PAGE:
William Ryan Fritch: Old Believers (Extended Edition)
William Ryan Fritch:
Sum of its Parts
The simultaneous release of two film scores by William Ryan Fritch would seem to provide the latest evidence for the bottomless creative well from which the Oakland, California-based multi-instrumentalist regularly draws. These digital releases aren't, however, new material, though both have never been made publicly available until now: The Old Believers and The Sum of its Parts initially appeared as part of the 2104-initiated Leave Me series, specifically as exclusives to subscribers, which witnessed the release of a dozen Fritch albums over a two-year period. For this extended edition of The Old Believers, he added eight new pieces to the original twelve, resulting in a solid album-length forty-eight minutes of music.
Aware that a soundtrack collection can often play like a gathering of vignettes, Fritch spends a considerable amount of time after a film's completed making sure the soundtrack holds up as a cohesive listening experience on its own, and to that end the two releases sit comfortably alongside others in his discography. Still, it's hard to deny the soundtrack-like character of The Old Believers when many of its twenty tracks are in the one- to two-minute range and could conceivably have been developed into more elaborate compositions. That being said, there's also no denying the beauty of the music on offer, even when it's sometimes served in bite-sized portions.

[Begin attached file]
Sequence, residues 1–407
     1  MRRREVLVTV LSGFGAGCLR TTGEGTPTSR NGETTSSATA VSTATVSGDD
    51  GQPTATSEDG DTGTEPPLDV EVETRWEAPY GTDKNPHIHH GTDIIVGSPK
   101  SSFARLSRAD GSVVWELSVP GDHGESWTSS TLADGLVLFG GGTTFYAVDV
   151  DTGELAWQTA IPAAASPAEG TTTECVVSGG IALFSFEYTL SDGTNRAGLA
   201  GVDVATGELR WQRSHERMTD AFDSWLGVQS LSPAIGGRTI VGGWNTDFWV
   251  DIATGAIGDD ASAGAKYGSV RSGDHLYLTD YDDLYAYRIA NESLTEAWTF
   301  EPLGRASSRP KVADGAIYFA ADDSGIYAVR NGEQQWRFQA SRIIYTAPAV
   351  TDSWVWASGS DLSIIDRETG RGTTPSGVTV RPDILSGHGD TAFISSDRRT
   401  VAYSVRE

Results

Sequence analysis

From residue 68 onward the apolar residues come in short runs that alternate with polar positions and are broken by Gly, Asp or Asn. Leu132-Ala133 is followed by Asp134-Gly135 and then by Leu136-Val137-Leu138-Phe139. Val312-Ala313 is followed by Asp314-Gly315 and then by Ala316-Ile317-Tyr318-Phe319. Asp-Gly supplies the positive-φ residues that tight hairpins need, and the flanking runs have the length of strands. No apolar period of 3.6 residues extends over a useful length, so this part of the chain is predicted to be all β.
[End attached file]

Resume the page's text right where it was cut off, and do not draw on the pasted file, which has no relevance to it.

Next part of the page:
Of the two, it's The Old Believers that proves the most affecting, in large part due to the treatment of string instruments as lead voices. Par for the Fritch course, the arrangements are rich and multi-layered, but they're often designed with the lead voice in mind; even a one-minute setting such as “Isolation” is rendered memorable by the plaintive expressions of a string instrument. The impression of unity created by the recording is attributable to the fact that strings and guitars predominate, with percussion occasionally surfacing to add rhythmic insistence. Representative of the album's oft-solemn style, “Take Refuge” undergirds a supplicating, rather Eastern-styled string lead with a cello drone and (what appear to be) mandolin strums. “Wilting Ways” exemplifies the material's folk character in wedding harp-like strums to rustic string playing, and Fritch's sensitivity to texture is evident throughout, especially so during delicate settings such as “Glass Slowly Shifts,” “The Old Believers,” and “Feeble Dreams.”To some degree, The Sum of its Parts is different in tone from The Old Believers, but it's easy to see why: the film for which it was created (by Fiona Otway) features scientists, artists, and students who are working in the field of robot research to bring robots to life and make them part of our everyday experience. Arrangements in this case are again rich but even more elaborate than in the other instance; Fritch augments his one-man string orchestra with French horn, vibraphone, and prepared piano, and in so doing aligns The Sum of its Parts closely to the kind of kaleidoscopic production style emblematic of his current musical practice. If there's a stronger rhythmic impetus to its presentation, that too is by design, as Fritch fashioned the material to churn and grind with a mechanical thrust that would connect it directly to the film's subject matter (witness, for example, the lurching insistence with which “Gnashing Metals” barrels forth). Yet while there are clearly strong differences between the soundtracks, “Ratcheting” and “Subconsciously” are so strings-heavy they would be as natural a fit for The Old Believers as The Sum of its Parts. Despite its shorter running time (thirty-three minutes), many of its ten tracks are longer and thus impress as fully worked-through compositions, in contrast to the abbreviated feel of some of the pieces on The Old Believers. Both obviously have much to recommend them, however, and Fritch devotees will no doubt pronounce them stellar additions to his ever-swelling discography.